Follow-on funding is wildly attractive, and necessary, to early-stage businesses for whom education and support are equally as necessary as cash. For instance, marketing, design, legal–and the list of vital guidances goes on. As it is being revealed, many VCs over promise–or lie–about what type of support and how much of it they are capable of or willing to give. Negative experiences behind the VC curtain have led many founders to conclude that all funds, aren’t good funds. Yet, for cash strapped ambitious entrepreneurs–the allure is understandable and in many cases, irresistible. Investment firms can identify a remarkable early stage company with late payrolls from a mile away–and feel free to engage in what looks a lot like predatory behavior around investment, in response.
Recently, more founders like me have come out in support of what is being called the beginning of a grassroots VC reform movement–calling out the industry and openly sharing stories around negative experiences in seeking, and accepting, VC investment. In what could be considered a formal announcement of the movement, the New York Times ran a story at the beginning of 2019 titled, ‘More Start-Ups Have an Unfamiliar Message for Venture Capitalists: Get Lost.’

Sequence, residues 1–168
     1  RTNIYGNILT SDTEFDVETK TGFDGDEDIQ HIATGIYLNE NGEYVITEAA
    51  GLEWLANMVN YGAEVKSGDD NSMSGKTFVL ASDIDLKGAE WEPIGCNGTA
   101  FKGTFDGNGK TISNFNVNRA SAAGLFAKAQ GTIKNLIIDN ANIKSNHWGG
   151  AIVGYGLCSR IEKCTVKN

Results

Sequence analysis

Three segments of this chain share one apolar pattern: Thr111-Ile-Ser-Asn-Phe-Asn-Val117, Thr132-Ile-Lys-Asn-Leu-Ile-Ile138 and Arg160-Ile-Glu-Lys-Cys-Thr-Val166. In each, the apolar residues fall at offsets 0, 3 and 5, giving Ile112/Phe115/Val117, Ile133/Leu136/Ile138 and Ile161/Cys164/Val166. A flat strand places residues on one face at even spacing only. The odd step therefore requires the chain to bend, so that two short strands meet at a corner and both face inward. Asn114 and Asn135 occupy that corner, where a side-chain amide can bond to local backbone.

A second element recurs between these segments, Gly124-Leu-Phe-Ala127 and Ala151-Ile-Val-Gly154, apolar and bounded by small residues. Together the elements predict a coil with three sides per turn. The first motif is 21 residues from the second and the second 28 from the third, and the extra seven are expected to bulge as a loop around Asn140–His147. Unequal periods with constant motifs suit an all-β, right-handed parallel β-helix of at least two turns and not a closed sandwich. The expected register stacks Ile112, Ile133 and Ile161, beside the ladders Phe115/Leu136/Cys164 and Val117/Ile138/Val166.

Founders are getting fed up with VC behavior–from the racial and gender-motivated discrimination and bias to the now “new normal” trend of unicorn chasing, which is at least partially rooted in cronyism. In 2018, it increased early-stage investment amounts while decreasing the number of actual deals. Essentially, this is worsening the investment famine for meaningful, crony-less startups.
Despite my experience, I do believe that there are good VCs. I had a great experience with Backstage Capital. Plus, experiences with others who are creating a lane for a new VC culture, wherein meaningful businesses with real solutions are funded by investors who care about the mission and long-range outcomes.
I haven’t given up entirely on VC, but I believe that founders are establishing new expectations and boundaries, as well as looking to non-traditional ways of raising capital–including equity crowdfunding and no longer being at the mercy of the silicon valley machine.